Welcome, sweet friends, and thank you for spending a few minutes to check out my 2017 Write 31 Days series: Redemptive Motherhood. I hope this glimpse into my motherhood journey makes you laugh and cry (the good kind of tears). I hope to surprise and delight you with the stories of these tender years, and I hope that if something you find here sparks a question or makes you curious about some part of my journey, that you will send me a personal note to connect. Thanks for reading.
I am pregnant with my second child, a son, at the ripe age of 25. After the unexpectedly quick birth of my daughter, I know there was a very real possibility that my next birth could be a repeat precipitous labor. As my due date approaches, I watch and wait for any nuanced indication that labor might begin so that I might not be caught in a compromising birth situation, as I imagine I will be in dream after dream for months in advance. This time, I opted for midwife care, and when I share with the midwives my quick-labor history, they casually dismiss me. Birth pro’s: listen to your mamas.
We live in Los Angeles, far away from family, so my mama flies down to help with our not-quite-two year old. I spend many hours with her when she arrives, anxiously walking around my apartment complex, trying to put myself into labor. There is a random, unimpressive contraction here or there, but nothing to indicate any real action on the horizon.
I go to bed around 10pm, disappointed that nothing is happening, but wake with significant contractions around 2am. I time a couple of them, and they seem to be seven minutes apart. I call labor & delivery, reminding them of my history, they tell me that seven minutes apart is still a little to early to come in.
“Wait it out,” they say. “When your contractions get to five minutes apart, just come in. You don’t have to call us again.”
My mom wakes and sits with me on the couch while I breathe through hard contractions. My husband is fast asleep in the other room (I told him to sleep as much as possible in advance), and the toddler is also in her bed, surrounded by stuffed animals.
Mama times my contractions and we keep track of how many minutes are between them.
“You have got to get out of here!” she exclaims, both of us knowing that the time has arrived.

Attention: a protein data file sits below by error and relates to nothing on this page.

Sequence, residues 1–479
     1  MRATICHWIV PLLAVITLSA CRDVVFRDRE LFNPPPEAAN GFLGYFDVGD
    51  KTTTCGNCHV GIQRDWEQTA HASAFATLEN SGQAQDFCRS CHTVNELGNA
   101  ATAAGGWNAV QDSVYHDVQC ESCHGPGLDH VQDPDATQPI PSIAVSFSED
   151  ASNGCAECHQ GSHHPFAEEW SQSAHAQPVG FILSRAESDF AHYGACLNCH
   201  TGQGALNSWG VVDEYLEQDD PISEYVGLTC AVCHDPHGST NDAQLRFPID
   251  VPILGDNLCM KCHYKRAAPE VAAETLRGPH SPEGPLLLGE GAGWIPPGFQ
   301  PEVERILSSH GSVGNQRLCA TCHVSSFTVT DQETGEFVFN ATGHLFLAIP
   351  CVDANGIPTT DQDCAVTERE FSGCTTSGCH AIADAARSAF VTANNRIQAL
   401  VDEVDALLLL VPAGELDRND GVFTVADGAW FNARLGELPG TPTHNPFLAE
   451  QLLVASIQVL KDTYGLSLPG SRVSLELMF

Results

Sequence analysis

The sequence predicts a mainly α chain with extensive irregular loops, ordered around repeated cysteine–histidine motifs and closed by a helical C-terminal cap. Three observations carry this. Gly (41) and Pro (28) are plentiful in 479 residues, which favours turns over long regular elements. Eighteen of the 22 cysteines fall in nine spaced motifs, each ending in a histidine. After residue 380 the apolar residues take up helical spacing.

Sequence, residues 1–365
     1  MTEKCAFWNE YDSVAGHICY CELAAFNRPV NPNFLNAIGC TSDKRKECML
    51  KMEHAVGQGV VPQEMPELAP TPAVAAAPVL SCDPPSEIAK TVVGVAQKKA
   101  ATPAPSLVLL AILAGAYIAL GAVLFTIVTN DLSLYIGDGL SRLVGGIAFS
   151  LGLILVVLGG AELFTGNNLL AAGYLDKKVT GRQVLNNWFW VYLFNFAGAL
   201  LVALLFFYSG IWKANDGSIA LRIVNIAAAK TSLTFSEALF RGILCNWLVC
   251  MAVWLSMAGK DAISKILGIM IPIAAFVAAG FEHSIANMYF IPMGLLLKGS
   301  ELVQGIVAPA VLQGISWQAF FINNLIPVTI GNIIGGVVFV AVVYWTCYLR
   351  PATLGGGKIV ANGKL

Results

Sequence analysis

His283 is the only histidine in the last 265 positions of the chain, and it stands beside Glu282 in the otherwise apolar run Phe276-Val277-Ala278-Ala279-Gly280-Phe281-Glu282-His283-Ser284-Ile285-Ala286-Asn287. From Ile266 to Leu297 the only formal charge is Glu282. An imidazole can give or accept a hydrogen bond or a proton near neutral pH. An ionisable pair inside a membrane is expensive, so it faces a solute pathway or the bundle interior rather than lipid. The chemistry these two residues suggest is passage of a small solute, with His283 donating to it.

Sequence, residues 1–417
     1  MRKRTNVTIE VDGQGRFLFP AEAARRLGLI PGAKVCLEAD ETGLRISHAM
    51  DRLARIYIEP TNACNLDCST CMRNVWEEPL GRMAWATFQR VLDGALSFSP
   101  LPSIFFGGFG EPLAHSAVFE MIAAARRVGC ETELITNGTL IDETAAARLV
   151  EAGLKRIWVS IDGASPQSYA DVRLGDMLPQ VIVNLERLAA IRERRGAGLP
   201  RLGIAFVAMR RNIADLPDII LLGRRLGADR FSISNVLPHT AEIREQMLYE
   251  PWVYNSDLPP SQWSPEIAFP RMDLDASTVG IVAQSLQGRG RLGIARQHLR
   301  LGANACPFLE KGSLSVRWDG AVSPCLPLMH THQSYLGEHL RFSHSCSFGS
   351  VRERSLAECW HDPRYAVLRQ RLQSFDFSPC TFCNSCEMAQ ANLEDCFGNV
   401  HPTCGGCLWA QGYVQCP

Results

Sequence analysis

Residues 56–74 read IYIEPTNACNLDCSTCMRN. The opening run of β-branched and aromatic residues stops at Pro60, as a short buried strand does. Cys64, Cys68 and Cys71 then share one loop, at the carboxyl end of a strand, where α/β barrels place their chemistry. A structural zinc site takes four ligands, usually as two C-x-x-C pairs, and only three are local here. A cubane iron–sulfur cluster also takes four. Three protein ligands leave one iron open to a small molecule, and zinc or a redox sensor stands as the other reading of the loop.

I rouse my delirious husband, and we stumble down three flights of stairs, stopping on the bottom floor because I’m breathing very hard through a contraction.
It is so intense, I can’t move during it, not even a little bit. Husband urges me on.
“Wait,” I say. “I. (pause) Can’t. (pause) Move. (double pause.) Yet.”
I wince and breathe and will my legs to move forward through the courtyard to where our car is parked. I have to stop two more times before we reach it.
I climb in and sit on the towel-covered seat (I strategically layered up a few several weeks ago just incase we had another spontaneous rupture), and my husband screams out of the parking area in our little sedan, brazenly hitting every pot hole up Westwood Blvd on our way to the hospital. I want to yell at him for the dips and jarring bounces, but I can’t talk because I’m hunched over in the passenger seat, eyes tightly shut, white knuckles on the door handle with my contractions intensifying.
It’s after 3am and there is no one on the road, thankfully.
We zoom up to the old UCLA hospital building (our third child, story forthcoming, was born in the new one), which has no easy after-hours entrance for laboring women unless you enter through the emergency room, which is (of course) on the opposite side of the building as labor & delivery. We opt to park in the garage a little closer to the not-so-easy after hours entrance, which requires that I walk through the garage, into an elevator, up a few stairs, across a courtyard, and through the hospital doors in order to reach a security checkpoint. We stop literally every 30 seconds because I cannot walk through the furious contractions. Shuffle, shuffle, shuffle, pause….